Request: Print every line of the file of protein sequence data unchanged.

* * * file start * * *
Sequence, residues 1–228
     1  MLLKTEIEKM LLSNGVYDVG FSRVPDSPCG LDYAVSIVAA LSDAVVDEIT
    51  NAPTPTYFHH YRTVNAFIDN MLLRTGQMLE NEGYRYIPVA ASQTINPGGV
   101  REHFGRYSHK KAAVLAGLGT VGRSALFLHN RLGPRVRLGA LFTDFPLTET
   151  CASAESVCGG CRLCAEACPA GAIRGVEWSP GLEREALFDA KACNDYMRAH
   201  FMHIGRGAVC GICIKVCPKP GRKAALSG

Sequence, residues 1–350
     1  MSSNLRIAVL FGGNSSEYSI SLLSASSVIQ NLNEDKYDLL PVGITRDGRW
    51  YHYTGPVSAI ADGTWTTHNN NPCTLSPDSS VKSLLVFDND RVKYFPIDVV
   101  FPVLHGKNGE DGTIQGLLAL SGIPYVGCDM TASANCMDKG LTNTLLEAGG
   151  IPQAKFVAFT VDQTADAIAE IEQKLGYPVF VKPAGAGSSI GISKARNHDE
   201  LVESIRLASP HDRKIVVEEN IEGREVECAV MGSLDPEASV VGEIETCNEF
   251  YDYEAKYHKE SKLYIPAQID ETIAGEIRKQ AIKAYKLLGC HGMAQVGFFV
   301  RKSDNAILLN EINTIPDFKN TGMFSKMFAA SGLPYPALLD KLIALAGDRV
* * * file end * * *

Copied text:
Sequence, residues 1–228
     1  MLLKTEIEKM LLSNGVYDVG FSRVPDSPCG LDYAVSIVAA LSDAVVDEIT
    51  NAPTPTYFHH YRTVNAFIDN MLLRTGQMLE NEGYRYIPVA ASQTINPGGV
   101  REHFGRYSHK KAAVLAGLGT VGRSALFLHN RLGPRVRLGA LFTDFPLTET
   151  CASAESVCGG CRLCAEACPA GAIRGVEWSP GLEREALFDA KACNDYMRAH
   201  FMHIGRGAVC GICIKVCPKP GRKAALSG

Sequence, residues 1–350
     1  MSSNLRIAVL FGGNSSEYSI SLLSASSVIQ NLNEDKYDLL PVGITRDGRW
    51  YHYTGPVSAI ADGTWTTHNN NPCTLSPDSS VKSLLVFDND RVKYFPIDVV
   101  FPVLHGKNGE DGTIQGLLAL SGIPYVGCDM TASANCMDKG LTNTLLEAGG
   151  IPQAKFVAFT VDQTADAIAE IEQKLGYPVF VKPAGAGSSI GISKARNHDE
   201  LVESIRLASP HDRKIVVEEN IEGREVECAV MGSLDPEASV VGEIETCNEF
   251  YDYEAKYHKE SKLYIPAQID ETIAGEIRKQ AIKAYKLLGC HGMAQVGFFV
   301  RKSDNAILLN EINTIPDFKN TGMFSKMFAA SGLPYPALLD KLIALAGDRV